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Taxing Our Brains

Dan Smith

I SPENT A GOOD portion of my early adult life in neighborhood taverns. Back then, I sold beer for a living. You can imagine that I saw and heard some crazy things. Remember the sitcom Cheers? I knew doppelgangers for each and every Cheers character.

But the things I heard in those bars didn’t come close to the things I heard later when I worked as an income-tax preparer. No doubt other tax preparers and CPAs can add to my list. Here are my top 12:

1. Years ago, I asked a friend why she hadn’t refinanced her home loan after mortgage rates dropped sharply. Her response? She said she needed the bigger tax deduction. Even after I explained that she only saved 15 cents in tax for every $1 spent on mortgage interest, she still didn’t get it.

2. A client received Form 1099-C for the cancellation of credit card debt. She couldn’t understand why it was taxable, saying, “Why do I have to pay tax? It’s not like I got anything for it.”

I asked her, “What about all the stuff you bought and never paid for?”

The tax-code rationale: If one party can take a deduction, such as the credit card company for cancelling the debt, then someone else—my client, in this case—has to claim it as income.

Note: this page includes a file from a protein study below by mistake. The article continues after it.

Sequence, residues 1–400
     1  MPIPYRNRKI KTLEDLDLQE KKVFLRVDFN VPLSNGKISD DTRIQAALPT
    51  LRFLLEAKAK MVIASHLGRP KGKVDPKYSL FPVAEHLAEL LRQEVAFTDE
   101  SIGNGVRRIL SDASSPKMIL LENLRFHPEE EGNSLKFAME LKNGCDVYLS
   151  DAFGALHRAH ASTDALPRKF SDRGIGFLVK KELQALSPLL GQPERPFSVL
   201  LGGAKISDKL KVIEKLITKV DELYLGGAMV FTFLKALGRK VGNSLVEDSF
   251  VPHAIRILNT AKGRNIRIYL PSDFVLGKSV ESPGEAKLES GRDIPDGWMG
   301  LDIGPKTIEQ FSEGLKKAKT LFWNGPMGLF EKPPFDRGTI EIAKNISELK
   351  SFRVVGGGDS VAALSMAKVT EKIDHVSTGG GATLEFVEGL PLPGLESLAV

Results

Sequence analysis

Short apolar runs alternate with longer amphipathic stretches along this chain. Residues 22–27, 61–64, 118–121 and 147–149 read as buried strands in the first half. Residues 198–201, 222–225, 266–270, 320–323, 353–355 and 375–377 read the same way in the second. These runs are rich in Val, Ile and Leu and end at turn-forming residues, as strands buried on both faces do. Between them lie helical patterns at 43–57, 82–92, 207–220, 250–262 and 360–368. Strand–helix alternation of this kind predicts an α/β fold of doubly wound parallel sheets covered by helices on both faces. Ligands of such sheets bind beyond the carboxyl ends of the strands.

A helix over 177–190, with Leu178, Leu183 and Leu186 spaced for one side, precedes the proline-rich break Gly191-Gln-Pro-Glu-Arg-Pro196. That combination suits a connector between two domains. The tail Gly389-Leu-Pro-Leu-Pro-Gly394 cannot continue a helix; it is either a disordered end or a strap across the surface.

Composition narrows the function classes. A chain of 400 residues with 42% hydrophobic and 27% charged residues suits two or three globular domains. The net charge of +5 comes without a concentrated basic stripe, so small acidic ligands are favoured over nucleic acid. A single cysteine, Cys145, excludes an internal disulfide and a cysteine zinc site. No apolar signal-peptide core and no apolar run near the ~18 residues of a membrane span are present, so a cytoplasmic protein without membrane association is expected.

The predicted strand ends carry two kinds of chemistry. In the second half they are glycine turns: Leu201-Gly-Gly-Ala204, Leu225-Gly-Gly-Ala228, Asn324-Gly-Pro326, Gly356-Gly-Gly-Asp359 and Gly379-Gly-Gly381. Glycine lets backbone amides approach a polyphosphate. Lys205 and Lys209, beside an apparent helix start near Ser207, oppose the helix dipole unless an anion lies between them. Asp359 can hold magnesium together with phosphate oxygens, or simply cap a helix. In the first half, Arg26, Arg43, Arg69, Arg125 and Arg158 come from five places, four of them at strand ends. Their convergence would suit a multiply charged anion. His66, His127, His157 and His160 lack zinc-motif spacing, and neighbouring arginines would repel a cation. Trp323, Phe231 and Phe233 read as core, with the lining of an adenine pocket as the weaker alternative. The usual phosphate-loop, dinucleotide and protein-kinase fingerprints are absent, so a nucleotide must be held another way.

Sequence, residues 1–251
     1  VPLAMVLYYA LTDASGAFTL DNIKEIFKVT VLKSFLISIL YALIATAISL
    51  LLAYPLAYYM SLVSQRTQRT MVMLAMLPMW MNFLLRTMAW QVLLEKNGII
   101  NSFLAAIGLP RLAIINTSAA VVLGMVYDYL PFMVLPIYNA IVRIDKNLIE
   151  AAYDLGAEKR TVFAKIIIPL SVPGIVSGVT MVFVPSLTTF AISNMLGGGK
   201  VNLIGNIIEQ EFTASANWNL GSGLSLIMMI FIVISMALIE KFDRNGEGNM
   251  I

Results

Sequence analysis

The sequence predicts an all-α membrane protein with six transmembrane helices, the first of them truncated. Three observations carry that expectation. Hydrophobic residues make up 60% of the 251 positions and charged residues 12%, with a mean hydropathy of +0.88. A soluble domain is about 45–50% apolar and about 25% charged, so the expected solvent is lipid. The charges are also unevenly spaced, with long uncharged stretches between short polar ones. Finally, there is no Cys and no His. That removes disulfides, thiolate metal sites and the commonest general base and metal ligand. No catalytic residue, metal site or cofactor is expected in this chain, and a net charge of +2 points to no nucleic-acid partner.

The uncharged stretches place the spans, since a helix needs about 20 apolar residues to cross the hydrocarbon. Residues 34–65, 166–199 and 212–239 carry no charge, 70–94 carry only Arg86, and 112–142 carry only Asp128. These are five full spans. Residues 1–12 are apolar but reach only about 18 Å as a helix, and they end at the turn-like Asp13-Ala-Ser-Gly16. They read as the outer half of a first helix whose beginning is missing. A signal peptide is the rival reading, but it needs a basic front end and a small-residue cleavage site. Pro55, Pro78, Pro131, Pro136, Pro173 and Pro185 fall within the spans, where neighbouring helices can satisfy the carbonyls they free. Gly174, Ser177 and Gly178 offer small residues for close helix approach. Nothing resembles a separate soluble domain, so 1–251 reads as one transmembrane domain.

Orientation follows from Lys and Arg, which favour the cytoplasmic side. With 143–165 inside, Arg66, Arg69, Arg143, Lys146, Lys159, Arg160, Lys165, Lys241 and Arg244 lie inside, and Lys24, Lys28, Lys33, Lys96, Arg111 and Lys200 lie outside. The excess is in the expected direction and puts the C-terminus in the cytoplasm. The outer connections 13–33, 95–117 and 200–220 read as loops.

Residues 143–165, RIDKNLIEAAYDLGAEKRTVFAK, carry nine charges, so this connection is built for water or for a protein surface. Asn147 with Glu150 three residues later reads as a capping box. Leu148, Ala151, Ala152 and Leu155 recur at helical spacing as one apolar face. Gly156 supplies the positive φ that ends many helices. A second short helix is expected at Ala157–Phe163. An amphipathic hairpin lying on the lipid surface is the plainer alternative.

3. A client with a fully depreciated rental property had the notion that, by using a mortgage loan to remove his home equity from the property, he could eliminate the taxable gain. This wasn’t an easy conversation.

The good news is, the client had been able to deduct a fraction of the price paid for the property each year. The bad news is, this process had reduced his cost basis to $0, not including the cost of the lot. Upon selling the property, the IRS recaptures all of those prior depreciation deductions in the form of long-term capital gains. And, no, the IRS doesn’t care how much you owe on the house.

4. Multiple landlord clients wanted to deduct uncollected rent from deadbeat renters or vacant units, or deduct the value of their time spent working on the property. Sorry, there’s no line on the tax form for that.

5. A client pulled all his money from his retirement account in early 2009. He was shocked that the distribution pushed him into the next tax bracket and cost him the 10% early withdrawal penalty.